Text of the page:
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Windsor held the line on taxes for years. Staff say that can't continue with current service levels

Windsor Mayor Drew Dilkens tabled the 2024 budget on Monday, Jan. 8, 2024.  (Chris Ensing/CBC - image credit)
Windsor Mayor Drew Dilkens tabled the 2024 budget on Monday, Jan. 8, 2024. (Chris Ensing/CBC - image credit)

Administration is warning Windsor's council that the city can no longer operate under a mandate to maintain service levels without a tax increase.

The city will not be able to meet increased demand for services caused by population growth while keeping property tax bills as low as homeowners have come to expect, according to a budget document.

Windsor has seen budgets passed with no increase to property taxes for 10 of the last 17 years, while the tax increases that have been approved came in below inflation.

"The fiscal restraint over the last decade was largely unprecedented," wrote David Soave, a member of the city's budget staff, in the report to council.

City staff say that the average home in Windsor is assessed at $163,000 and the owner would be paying $570 more this year in taxes if rates increased at the rate of inflation.
City staff say that the average home in Windsor is assessed at $163,000 and the owner would be paying $570 more this year in taxes if rates increased at the rate of inflation.

City staff say that the average home in Windsor is assessed at $163,000 and the owner would be paying $570 more this year in taxes if rates increased at the rate of inflation. (City of Windsor)

The budget will be debated during a special meeting of council on Monday morning.

Council is reviewing a proposed 2024 budget that will raise taxes by 3.9 per cent after what Soave described as an "extremely challenging process" due to high inflation rates.

It would be one of the lowest rate increases in southwestern Ontario this year if approved by council.

Windsor's mayor Drew Dilkens says it's an "almost pain-free" budget that balances the cost of inflation while maintaining last year's service levels.

But city administration is warning that with continued inflationary pressures following years of fiscal restraint, there is no apparent way to hold the line on taxes.

"It is no longer possible to find sufficient savings within the city-controlled budgets to offset the annual budget increases without a significant impact to existing municipal services," wrote Soave.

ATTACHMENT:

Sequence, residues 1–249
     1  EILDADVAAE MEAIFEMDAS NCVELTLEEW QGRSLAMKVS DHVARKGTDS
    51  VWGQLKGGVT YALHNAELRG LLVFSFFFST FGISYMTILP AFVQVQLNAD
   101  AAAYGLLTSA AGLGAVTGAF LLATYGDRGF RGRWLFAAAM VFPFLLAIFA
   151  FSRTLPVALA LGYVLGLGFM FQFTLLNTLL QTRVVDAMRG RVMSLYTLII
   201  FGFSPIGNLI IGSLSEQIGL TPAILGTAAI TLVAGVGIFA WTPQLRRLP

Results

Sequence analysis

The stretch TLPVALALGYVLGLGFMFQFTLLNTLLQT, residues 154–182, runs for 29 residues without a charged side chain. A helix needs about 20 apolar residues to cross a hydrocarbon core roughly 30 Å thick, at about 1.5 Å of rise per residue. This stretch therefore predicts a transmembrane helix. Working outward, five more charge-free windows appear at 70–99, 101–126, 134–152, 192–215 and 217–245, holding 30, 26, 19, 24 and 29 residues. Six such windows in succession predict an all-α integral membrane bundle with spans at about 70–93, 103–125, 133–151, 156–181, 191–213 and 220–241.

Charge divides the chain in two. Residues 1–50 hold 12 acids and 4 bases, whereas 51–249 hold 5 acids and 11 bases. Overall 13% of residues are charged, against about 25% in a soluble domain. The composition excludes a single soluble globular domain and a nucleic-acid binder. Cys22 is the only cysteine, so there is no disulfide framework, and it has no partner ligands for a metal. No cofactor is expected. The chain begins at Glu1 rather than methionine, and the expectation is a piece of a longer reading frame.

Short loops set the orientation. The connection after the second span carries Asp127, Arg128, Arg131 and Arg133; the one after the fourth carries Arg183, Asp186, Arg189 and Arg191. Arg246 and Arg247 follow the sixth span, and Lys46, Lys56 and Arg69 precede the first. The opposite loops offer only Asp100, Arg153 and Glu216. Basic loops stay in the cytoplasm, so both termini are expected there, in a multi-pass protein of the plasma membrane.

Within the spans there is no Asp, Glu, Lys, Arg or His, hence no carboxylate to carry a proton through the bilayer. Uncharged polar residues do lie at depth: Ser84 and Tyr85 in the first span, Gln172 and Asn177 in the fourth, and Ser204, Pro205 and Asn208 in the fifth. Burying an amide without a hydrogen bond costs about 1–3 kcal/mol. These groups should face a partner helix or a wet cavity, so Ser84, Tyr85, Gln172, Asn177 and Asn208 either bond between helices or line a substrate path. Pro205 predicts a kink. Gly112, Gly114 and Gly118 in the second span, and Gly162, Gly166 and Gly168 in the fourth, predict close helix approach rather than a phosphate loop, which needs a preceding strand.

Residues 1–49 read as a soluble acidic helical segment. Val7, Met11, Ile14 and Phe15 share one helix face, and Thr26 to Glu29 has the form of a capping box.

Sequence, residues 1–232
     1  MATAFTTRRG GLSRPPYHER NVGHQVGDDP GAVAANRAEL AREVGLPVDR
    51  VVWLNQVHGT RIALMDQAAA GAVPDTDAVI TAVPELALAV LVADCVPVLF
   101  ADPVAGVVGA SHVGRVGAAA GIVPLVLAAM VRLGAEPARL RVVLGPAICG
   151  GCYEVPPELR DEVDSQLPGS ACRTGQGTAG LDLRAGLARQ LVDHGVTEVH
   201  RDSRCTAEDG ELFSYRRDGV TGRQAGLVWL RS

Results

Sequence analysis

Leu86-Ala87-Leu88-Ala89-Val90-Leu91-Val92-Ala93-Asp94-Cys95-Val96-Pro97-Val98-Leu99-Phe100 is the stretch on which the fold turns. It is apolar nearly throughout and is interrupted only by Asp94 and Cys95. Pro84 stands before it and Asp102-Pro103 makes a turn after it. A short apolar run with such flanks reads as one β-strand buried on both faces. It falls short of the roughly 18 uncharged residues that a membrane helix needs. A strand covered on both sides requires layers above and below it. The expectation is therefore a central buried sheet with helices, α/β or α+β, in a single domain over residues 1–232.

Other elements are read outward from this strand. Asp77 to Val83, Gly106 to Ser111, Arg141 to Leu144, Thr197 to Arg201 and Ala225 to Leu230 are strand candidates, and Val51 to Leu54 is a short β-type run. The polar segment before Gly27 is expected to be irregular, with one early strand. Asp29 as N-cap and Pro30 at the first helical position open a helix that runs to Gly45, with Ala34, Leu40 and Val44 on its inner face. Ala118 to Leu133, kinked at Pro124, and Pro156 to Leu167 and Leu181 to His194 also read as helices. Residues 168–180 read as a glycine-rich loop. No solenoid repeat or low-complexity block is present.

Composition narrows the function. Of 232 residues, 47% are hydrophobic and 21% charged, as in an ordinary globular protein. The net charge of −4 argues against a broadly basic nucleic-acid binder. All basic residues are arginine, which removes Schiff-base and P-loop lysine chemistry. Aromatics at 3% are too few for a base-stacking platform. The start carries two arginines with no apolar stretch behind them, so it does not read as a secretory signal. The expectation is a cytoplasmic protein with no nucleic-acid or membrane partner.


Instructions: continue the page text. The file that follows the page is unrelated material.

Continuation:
Windsor's 'unprecedented' run of fiscal restraint

Since 2008, Windsor has not raised taxes beyond inflation while growing its reserves and paying down debt.

Windsor had $230 million in debt with $75.3 million in reserves as of 2003, with the debt shrinking to $92 million and reserves topping out at $294 million last year.

The city notes in its budget report that the reserves remain lower compared to peer municipalities and claims debt would have ballooned to $500 million if it had not moved forward with debt reduction policies and a pay-as-you-go approach to capital projects.

That approach sees the city pay for infrastructure with money from the reserves instead of through debt.

While city staff warn about the ability to absorb the costs to provide similar services to a growing population, council is also being warned that there's "significant long-term capital funding needs" for the city.

Windsor's "enviable" position with debt means it has the option of taking on debt for those long-term capital projects, according to budget documents.

"Put simply, the need for infrastructure demands over the coming years, including large new or replacement facilities, cannot be met without debt financing being one part of the solution," writes the city's manager of strategic capital budget development and control Mike Dennis.

What should cities be paying for?

One of the biggest questions that cities like Windsor should be asking as they move forward with budgets is what services and infrastructure a municipality is responsible for, one expert says.

"It's time to have a conversation on who does what, what's the federal rule, what's the provincial rule, what's the municipal, what should municipalities be paying for?," said Enid Slack, director of the institute on municipal finance and governance at the University of Toronto.

Windsor city hall
Windsor city hall

Windsor city council's budget deliberation begin on Monday, Jan. 22, 2024. (Dax Melmer/CBC)

"If it's everything they're doing now, and that may be the right answer, then we have to think about, well, can they do that on the property tax or do they need access to other revenues?"

Cities are traditionally responsible for many services that people interact with everyday like snow clearing, staffing the neighbourhood community centre, police services and public transit.

But that list is growing in Ontario, says Slack, especially around social services and public health.

"Should cites be involved in immigration settlement? Should that be something they paid for, should they be paying for highways? What, what things should municipalities be doing?"

Last year, Windsor urged upper levels of government to send more resources because it could no longer handle the hundreds of asylum seekers arriving from the United States through Toronto.

Dilkens has also pushed for Ontario to take on the millions spent servicing the E.C. Row Expressway because it's a regional road.

"I mean we're talking here about fiscal sustainability," said Slack. "Are cities fiscally sustainable if they're depending largely on property taxes, some other smaller taxes, user fees and transfer some other governments? And I would say these challenges are big, and I think it's going to be hard for municipalities going forward."